So you’ve found the love of your life and decided to spend eternity with her. Now, you’ve got to decide how much your show of love will cost you.
There are many different ways to determine how much you want to spend on a diamond engagement ring. You can simply consult an engagement ring calculator, or read a variety of articles that advise you to consider your finances, partner’s personality, and meaning of the ring.
But once you’ve determined how much you’d like to spend on this once-in-a-lifetime gift, another important question will pop up: How can you get the most bang for your buck?
You can, of course, simply peruse the vast amount of diamond ring offerings out there and hope to find a deal. You may even consider simulant diamonds, like cubic zirconia or synthetic moissanite. Soon you’ll come across lab-grown diamonds, which not only look exactly like mined diamonds, but also come with much lower price tags.
But what’s the deal with these diamonds? Are they worth the low cost? Will your significant other notice that her rock was grown in a lab?
Location, Location, Location: Lab-Grown Versus Mined Diamonds
If both a lab-grown and mined diamond were placed in front of you and your special someone, there’s no way either of you could tell which is which. In fact, without special gem-testing instruments, even jewelers can’t tell the difference between the two. Lab-grown and mined diamonds have the same cuts, shine, and colors—in fact, they have the same exact chemical composition.
Then what’s the difference between the two?
It’s all a matter of location and time. Mined diamonds are found deep in the earth because they form about 100 miles below the earth’s surface. Scientists aren’t entirely sure how long it takes the extremely high temperatures and pressure in the earth to create a natural diamond, but most are from one to three billion years old.
On the other hand, lab-grown diamonds are created above ground. Currently, they can either be grown with the high pressure, high temperature (HPHT) method, or the chemical vapor deposition (CVD) method. The HPHT method mimics the pressure and temperature conditions that a diamond experiences underground. Contrarily, the CVD method involves separating carbon from hydrogen atoms and piling the carbon on top of a diamond seed. These methods take several weeks to over a month—a far cry from billions of years.
Ultimately, the reason mined diamonds are considered different from lab-grown diamonds is the length of time it takes to form them (billions of years versus several weeks) and the location of their creation (deep within the earth versus a lab).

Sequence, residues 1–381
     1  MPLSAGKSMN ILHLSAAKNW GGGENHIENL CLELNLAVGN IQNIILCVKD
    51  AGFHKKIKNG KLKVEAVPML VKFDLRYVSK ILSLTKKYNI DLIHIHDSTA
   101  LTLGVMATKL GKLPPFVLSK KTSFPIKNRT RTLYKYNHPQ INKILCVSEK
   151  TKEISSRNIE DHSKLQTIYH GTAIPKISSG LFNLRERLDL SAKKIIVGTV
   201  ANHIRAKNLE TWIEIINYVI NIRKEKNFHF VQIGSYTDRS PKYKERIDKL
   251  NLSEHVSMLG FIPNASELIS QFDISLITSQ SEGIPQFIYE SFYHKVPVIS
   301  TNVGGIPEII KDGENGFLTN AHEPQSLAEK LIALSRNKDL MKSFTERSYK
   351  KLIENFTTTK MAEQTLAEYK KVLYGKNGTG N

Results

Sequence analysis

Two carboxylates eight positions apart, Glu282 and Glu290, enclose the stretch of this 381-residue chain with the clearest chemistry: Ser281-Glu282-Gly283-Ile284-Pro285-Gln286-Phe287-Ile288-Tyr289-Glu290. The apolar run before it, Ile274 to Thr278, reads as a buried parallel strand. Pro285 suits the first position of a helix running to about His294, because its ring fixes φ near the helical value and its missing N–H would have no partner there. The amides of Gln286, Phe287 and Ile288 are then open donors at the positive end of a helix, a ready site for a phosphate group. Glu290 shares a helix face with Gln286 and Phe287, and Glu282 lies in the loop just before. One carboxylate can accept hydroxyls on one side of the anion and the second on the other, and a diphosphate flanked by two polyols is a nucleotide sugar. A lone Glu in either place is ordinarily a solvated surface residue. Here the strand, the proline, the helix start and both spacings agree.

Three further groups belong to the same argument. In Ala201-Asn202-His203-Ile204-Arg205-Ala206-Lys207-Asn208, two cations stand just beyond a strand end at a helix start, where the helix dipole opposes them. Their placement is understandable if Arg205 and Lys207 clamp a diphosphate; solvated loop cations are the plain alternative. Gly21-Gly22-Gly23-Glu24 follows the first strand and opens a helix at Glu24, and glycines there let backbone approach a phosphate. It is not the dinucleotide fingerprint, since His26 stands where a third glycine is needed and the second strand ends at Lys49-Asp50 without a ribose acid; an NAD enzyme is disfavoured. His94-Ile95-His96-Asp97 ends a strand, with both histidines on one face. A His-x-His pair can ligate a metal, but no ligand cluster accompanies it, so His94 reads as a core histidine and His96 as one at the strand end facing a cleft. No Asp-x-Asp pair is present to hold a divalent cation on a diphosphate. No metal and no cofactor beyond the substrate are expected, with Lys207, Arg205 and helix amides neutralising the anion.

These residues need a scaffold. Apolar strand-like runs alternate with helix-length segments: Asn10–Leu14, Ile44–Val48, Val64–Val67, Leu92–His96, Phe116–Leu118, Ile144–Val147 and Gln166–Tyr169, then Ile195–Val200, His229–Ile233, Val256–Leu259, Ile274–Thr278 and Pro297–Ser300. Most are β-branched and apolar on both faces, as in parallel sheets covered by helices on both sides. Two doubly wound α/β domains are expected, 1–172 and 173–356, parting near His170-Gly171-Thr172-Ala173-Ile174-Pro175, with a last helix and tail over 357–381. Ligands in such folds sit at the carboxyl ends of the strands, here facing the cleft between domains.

Synthetic, Not Simulants
Some people refer to cubic zirconia or synthetic moissanite rocks as synthetic diamonds, but they’re not even close. They’re imitations, or simulants.
Not only do they have a completely different chemical compound from diamonds, but they also have different physical properties. A jeweler can easily spot a simulant, because, they don’t quite look like diamonds. While they may resemble diamonds from a distance, they don’t hold up under close inspection.
To further differentiate simulants and lab-grown diamonds, on July 25, 2018, the Federal Trade Commission (FTC) declared that lab-grown diamonds are officially diamonds. According to the FTC, lab-grown diamonds “have essentially the same optical, physical and chemical properties as mined diamonds. Thus, they are diamonds.”
More Bang For Your Buck
According to Amish Shah, the president of ALTR Created Diamonds, the lab-grown diamond market, which is currently valued at $150 million, is predicted to grow to $1 billion by 2020.
There are a few reasons for this boom, but one of the main reasons is cost; lab-grown diamonds not only look exactly like diamonds, but because it costs less to make them in a lab as opposed to mine them, they are far less expensive. In fact, they can cost thirty to forty percent less.
Choosing to go with a lab-grown diamond means you can purchase a far more impressive rock than you could before—while maintaining quality.
Better For Your Wallet And Your Conscience
The diamond industry is fraught with ethical issues, from violent conflicts to substandard mining conditions. Choosing a lab-grown diamond mitigates any ethical concerns one might consider when shopping for a gift meant to express pure love.
Additionally, growing diamonds in labs erases ecological issues, while mining diamonds can create many issues that environmental activists have noted and protested. These harmful issues include ecosystems destroyed in the mining process and hazardous chemicals used around mining sites.
If you or your significant other is concerned with ethics, lab-grown diamonds are undoubtedly the way to go.
At the end of the day, you need to consider your specific situation to decide whether to purchase a diamond made in the ground or above it. But lab-grown diamonds, identical to diamonds in everything but price, creation location, and ethical footprint, are clearly worth your consideration.